Archive for the ‘Law Court Censorship’ Category

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"Lady Chatterley's Lover" Trial: Regina Versus Penguin Books, Ltd. For a quarter of a century, from 1960 until 1985, Jeremy Hutchinson, Lord Hutchinson of Lullington, who has died aged 102, was the finest silk in practice at the criminal bar. He defended Lady Chatterley , Fanny Hill and Christine Keeler (Keeler in the flesh), the atom spy George Blake, and then Brian Roberts, the editor of the Daily Telegraph, and later the journalist Duncan Campbell in two cases that led to reform of the Official Secrets Act.He added a service to the arts by ending the cultural vandalism of Mary Whitehouse, whose attempt in 1982 to prosecute the National Theatre for staging Howard Brenton’s The Romans in Britain collapsed after his (and the Old Bailey’s) most remarkable cross-examination.

… see an excellent article from theguardian.com outlining some of Hutchinson major successes.

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HM Courts Service A man who wore a bad taste T-shirt mocking Liverpool fans who died in the Hillsborough disaster has been fined £795.

Paul Grange admitted a public order offence and told Worcester magistrates that he was ashamed of what he had done and had deservedly lost his home, job, friends and relationship.

Grange pleaded guilty to a charge of displaying abusive writing likely to cause distress. His T-shirt had the slogan: Hillsborough, God’s way of helping Rentokill.

Images of the shirt, which Grange wore in a pub beer garden in May, had been said to have caused ‘outrage’ on social media.

Swedish Courts vs The People…Swedish court claims Wikimedia cannot make a database of photos of public art in Sweden

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gustav i of sweden statue 2007 stockholm Sweden’s supreme court has sided with commercial copyright concerns and ruled that the non-profit internet giant Wikimedia breaches Sweden’s copyright laws by publishing photos of public artworks.Wikimedia is the group behind the free online encyclopaedia Wikipedia. It has created a vast online knowledge repository by allowing members of the public to group-edit entries and upload pictures to its pages for educational purposes.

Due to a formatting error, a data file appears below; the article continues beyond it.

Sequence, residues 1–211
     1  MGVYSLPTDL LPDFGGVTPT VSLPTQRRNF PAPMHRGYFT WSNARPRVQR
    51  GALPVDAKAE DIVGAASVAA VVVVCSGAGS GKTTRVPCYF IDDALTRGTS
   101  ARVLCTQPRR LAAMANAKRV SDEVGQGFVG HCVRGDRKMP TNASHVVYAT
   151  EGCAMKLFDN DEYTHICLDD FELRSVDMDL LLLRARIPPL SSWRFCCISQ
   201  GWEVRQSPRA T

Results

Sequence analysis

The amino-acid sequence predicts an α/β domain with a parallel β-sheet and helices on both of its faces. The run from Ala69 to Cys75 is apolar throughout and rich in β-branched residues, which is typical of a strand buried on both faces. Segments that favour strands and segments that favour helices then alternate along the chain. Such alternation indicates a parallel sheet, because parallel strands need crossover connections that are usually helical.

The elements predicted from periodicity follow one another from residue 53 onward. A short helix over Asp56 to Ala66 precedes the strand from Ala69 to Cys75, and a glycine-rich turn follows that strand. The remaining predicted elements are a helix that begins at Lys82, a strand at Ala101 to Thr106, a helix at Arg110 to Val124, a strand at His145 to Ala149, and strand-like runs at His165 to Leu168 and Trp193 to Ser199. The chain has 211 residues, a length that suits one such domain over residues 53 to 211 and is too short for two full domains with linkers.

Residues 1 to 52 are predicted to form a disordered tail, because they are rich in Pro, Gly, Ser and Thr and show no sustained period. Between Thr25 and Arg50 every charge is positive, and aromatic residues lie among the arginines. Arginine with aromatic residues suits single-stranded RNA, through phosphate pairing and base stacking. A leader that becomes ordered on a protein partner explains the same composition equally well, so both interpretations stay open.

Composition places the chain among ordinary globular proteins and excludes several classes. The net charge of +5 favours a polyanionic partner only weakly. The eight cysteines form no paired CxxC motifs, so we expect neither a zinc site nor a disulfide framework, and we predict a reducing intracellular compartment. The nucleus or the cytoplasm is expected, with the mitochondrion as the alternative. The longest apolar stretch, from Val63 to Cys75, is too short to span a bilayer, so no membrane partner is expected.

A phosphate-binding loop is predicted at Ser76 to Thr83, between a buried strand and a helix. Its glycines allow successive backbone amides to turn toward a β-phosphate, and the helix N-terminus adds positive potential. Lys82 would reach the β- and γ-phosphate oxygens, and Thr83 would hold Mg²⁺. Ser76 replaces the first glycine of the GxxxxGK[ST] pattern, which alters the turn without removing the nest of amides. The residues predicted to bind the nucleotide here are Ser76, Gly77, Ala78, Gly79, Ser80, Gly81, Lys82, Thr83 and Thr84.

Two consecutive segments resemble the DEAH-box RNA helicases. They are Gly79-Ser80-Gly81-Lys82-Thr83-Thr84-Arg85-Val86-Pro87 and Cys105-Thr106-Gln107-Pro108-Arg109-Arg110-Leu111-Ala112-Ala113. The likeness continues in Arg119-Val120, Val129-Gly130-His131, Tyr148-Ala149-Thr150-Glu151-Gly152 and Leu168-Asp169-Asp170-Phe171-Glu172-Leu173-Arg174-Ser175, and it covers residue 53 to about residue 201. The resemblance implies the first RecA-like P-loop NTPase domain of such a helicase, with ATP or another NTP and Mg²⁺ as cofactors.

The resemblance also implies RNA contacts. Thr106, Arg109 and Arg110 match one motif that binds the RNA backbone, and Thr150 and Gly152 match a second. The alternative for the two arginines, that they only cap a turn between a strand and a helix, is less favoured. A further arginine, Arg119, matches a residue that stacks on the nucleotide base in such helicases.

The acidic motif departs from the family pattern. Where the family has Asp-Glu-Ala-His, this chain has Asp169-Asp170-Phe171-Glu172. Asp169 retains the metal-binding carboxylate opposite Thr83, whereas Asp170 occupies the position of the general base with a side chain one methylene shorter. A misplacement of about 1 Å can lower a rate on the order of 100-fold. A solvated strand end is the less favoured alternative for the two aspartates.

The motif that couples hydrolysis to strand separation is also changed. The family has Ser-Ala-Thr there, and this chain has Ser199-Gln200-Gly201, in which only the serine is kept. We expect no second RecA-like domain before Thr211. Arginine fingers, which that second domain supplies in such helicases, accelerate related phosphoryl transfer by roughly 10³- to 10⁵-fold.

The disgraceful judgement is a victory for the Visual Copyright Society in Sweden (Bildupphovsrätt  i Sverige – BUS), which sued Wikimedia at Stockholm District Court for publishing photos of Swedish public sculptures and other public artworks without first getting permission from the artists.

In its judgement the supreme court affirmed that Swedish copyright law does permit members of the public to take pictures of public artworks. But, the court said:

It is different when it’s a database where artworks are made available to the public to an unlimited extent without copyright-holders receiving any remuneration. A database of this kind can be deemed to have a commercial value that is not inconsiderable.

Wikimedia’s Swedish operations manager Anna Troberg told The Local:

We are naturally very disappointed. We view this as an anachronistic and restrictive interpretation of copyright laws. It also runs counter to recommendations from the European Court of Human Rights.

Troberg said the group would now consult its lawyer and its parent foundation in the United States before deciding what action to take.

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police west yorkshire logo Criminal cases of publishing extreme porn and other supposedly obscene materials nearly trebled in West Yorkshire last year.Figures from the Home Office have revealed the number of recorded crimes of obscene publication in the year up to and including September 2015. Obscene materials were found to have been published on 673 occasions in West Yorkshire during this period, an increase of nearly treble compared to the 228 such crimes in the previous 12-month period.

According to the Crown Prosecution Service examples of materials that are considered obscene include bestiality, extreme sadomasochism, realistic portrayals of rape and bondage.

Across the whole of England and Wales there were 10,644 cases of obscene publication in the 12 months up to and including September 2015. This is the equivalent of 1.9 cases for every 10,000 people. This is an increase of 98% compared to 5,376 such crimes in the 12 months to September 2014.

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Old Bailey Several groups representing the interests of big media companies have won a judicial review challenging the UK Government’s decision to allow copying for personal use. According to the High Court, there’s insufficient evidence to prove that the legislation doesn’t hurt musicians and the industry.last year the UK Government legalized copying for private use , a practice which many citizens already believed to be legal.